Internet Is there a logic behind everything you do? In this talk, Alain de Botton explains why there ought to be. SUDHAMAHI REGUNATHAN

One of the greatest challenges of modern times is to build self confidence. Many self help programmes are built around it. In this documentary Alain de Botton, a British philosopher, derives a beautiful lesson from Socrates’ philosophy and talks about the Socratic method of thinking in the most simple manner. It is a six-part video on Youtube where de Botton talks of philosophy and philosophers under the umbrella title “Philosophy: A Guide to Happiness”. Each part is a stand-alone and the first one is titled “Socrates on Self Confidence”.

Driving through Athens, de Botton recounts how a philosopher called Socrates was born here in 459 BC, who propagated the belief that “…thinking logically about our lives might help us to be more certain about our lives…and less hamstrung about what other people think, to be conformists. It’s a dream that philosophy might set us free,” he says. As he drives through modern Athens he finds fridge magnets of Socrates are perhaps closest to what is left of his influence in the city where he was born.

“Socrates wrote nothing down and we know what he said chiefly through his dialogue in which he figures written down by his pupil Plato,” says de Botton and showing a sculpture of the philosopher in Athens, tells us he was married to a famously shrewish woman. “Asked why he married her he said a horse trainer had to practice on the most spirited animal,” says de Botton. “In the history of a subject with many notably ugly practitioners, Socrates was surely the ugliest. He was extraordinarily ugly and his very good friend compared him to a sting ray…he compounded his looks by never washing his cloak, not wearing sandals…”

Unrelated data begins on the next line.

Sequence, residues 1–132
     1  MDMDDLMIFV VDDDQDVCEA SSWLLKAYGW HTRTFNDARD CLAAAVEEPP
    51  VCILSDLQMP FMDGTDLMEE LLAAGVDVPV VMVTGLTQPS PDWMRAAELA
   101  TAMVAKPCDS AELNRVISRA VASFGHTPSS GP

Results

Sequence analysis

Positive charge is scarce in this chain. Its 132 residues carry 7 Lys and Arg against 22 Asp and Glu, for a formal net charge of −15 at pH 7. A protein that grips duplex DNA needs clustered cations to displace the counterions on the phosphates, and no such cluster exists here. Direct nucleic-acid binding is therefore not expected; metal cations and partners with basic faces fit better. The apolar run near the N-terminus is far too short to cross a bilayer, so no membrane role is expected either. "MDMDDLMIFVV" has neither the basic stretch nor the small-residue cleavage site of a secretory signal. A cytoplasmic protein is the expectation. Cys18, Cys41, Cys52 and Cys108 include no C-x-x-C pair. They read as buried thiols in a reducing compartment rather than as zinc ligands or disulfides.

Socrates believed that we should find ways to have confidence in our own beliefs and not be swayed by public opinion. “We should not be like sheep and follow our fellow creatures passively...we should not fear breaking away…believing largely that they know what they are talking about.”

The speaker takes you across Athens and stops at the Agora or the main marketing place. He tells us Socrates used to get up at dawn and come and sit at the Agora all day. The Agora was visited not just by shoppers but also by important people. Socrates spent his time asking people why they were what they were — for example, why were the rich, rich? Military generals could not explain why they fought as they did. Socrates found people were not living examined lives. They were not thinking intensely. He compared thinking to pottery and broke up the process of logical thinking into six parts.

“The reason why there are many woolly or imprecise ideas in the world is that many people think they can come up with the idea of how to live an ethical life without thinking too hard about it. Socrates thought this was crazy, and he compared thinking to making pottery. No one can imagine that you could make a good pot without following rigorous steps…he came up with the Socratic method of thought…Firstly look around you at statements many people would describe as common sense. Secondly, try to find an exception to this. Thirdly, if an exception is found, then your statement may be imprecise. Fourthly, take the exception into account. Lastly, continue this process till you reach a statement which does not have exceptions. The statement that you find difficult to disprove is the truth. This way we would be able to find trustworthy and watertight thoughts. This makes you far less passive…we will know why we believe what we do…”

Socrates believed, “The unexamined life is not worth living…” and so a democracy does not always work, for the inputs are not well thought ideas.

“We all have the capacity/duty to stop following opinions passively and instead develop beliefs we have confidence in.”

De Botton tells the story of Socrates drinking hemlock and that makes a poignant end to a fine documentary.

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